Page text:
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7/29/2014 2:45:00 PM
Catholics cook and serve authentic Vietnamese cuisine
Catholic Sentinel photos by Jon DeBellis
Antony Nguyen stands next to pots of beef broth.
Catholic Sentinel photos by Jon DeBellis
Antony Nguyen stands next to pots of beef broth.
A bowl of pho just before the broth is poured in.
A bowl of pho just before the broth is poured in.
Jon DeBellis
Of the Catholic Sentinel

Antony Nguyen used to be a bookkeeper. Now, he's more of a chemist. Since 1990 his brother, Minh and Nguyen have run several Pho Hung restaurants. Now they have one in Portland and three in Vietnam known as Pho 99. The remarkably clean, bamboo laden restaurants serve traditional Vietnamese fare, but are most known for their pho (pr. 'fuw'); a traditional North Vietnamese beef and rice noodle soup.
 
The soup starts with the building of a beef broth. The kitchen at Pho Hung on 82nd Ave., is filled with tall roiling pots full of the salty brine. The ingredients to the soup's base Nguyen will not part with, but he did say there were many "spices and bones" involved.
 
"Why give away my secret?" he laughs.
 
Cooking begins at 5 a.m. every day. The restaurant sells around 300 gallons of soup everyday; on weekends it nears 500 gallons. Customers are also given a plate of fresh basil, bean sprouts, limes and cilantro to add to their soup.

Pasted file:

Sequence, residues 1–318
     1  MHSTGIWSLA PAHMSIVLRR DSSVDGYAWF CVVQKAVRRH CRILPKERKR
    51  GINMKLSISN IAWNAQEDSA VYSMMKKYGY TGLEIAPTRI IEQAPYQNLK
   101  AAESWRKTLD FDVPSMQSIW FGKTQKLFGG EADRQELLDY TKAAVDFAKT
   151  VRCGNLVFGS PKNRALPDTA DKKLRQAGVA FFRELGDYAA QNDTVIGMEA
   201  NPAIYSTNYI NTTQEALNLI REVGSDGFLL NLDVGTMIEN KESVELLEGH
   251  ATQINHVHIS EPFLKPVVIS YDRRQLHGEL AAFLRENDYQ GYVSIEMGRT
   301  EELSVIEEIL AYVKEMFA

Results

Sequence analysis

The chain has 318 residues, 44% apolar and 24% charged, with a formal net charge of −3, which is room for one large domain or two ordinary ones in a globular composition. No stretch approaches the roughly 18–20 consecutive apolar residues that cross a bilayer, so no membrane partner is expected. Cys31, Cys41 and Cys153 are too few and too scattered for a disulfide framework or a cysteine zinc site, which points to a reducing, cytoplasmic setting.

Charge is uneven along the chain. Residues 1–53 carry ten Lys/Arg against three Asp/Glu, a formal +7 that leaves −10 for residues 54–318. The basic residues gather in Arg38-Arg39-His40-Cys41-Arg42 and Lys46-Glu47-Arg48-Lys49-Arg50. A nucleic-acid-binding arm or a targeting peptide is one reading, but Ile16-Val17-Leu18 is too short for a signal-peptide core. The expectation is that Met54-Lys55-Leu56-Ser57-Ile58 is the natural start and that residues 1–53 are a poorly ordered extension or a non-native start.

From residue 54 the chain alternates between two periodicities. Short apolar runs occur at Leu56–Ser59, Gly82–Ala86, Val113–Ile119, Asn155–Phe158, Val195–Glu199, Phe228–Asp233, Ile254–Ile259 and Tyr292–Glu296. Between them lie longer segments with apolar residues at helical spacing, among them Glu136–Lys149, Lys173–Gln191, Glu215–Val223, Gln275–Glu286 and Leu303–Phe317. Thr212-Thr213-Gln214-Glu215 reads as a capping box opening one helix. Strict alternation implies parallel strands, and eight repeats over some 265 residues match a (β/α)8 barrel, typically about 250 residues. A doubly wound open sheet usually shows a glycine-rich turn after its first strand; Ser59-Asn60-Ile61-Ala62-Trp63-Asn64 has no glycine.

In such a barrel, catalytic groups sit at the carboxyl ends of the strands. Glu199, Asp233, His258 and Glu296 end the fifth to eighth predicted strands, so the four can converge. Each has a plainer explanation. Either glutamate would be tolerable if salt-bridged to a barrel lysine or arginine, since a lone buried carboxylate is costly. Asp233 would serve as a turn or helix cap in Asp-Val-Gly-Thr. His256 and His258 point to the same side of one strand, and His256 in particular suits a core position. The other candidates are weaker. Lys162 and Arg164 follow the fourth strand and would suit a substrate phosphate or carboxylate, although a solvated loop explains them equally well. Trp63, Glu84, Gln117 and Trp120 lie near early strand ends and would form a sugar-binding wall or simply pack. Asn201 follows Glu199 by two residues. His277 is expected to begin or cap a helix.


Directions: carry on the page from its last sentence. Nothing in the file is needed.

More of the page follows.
There are several types of pho on the menu, including several with beef tripe and tendons, which to the tame eater sounds tough and chewy, but slow-cooked in a broth at least eight to nine hours, become as tender as the round and flank steak that are also an option.
 
"We do very well," he says. "The key is the broth. People tell me all the time that my broth is distinctive, unique and that's what keeps them coming back."
 
Nguyen's restaurant at 3120 SE 82nd Ave., is open seven days a week. He's there every day, rain or shine, cooking up soup for his hungry customers.
 
Antony, and his wife Catherine Nguyen are both members of Our Lady of Lavang Parish in Northeast Portland. Antony converted to the faith when he fell in love.
 
He admits his wife is more active in the parish, but he maintains a relationship of stewardship, donating money for annual celebrations like the Freedom Mass to make sure things go off without a hitch.
 
He feels giving back is not only part of his faith, but a part of his culture.
 
"Churches have needs and people have needs," said Nguyen. "If I can help, I do."
 
Nguyen also owns a house behind the restaurant, which he occasionally rents to employees and their families who are trying to get a start.
 
"I help them out until they can get their own place," says Nguyen. "People helped me out when I started, and now it's my turn to help."





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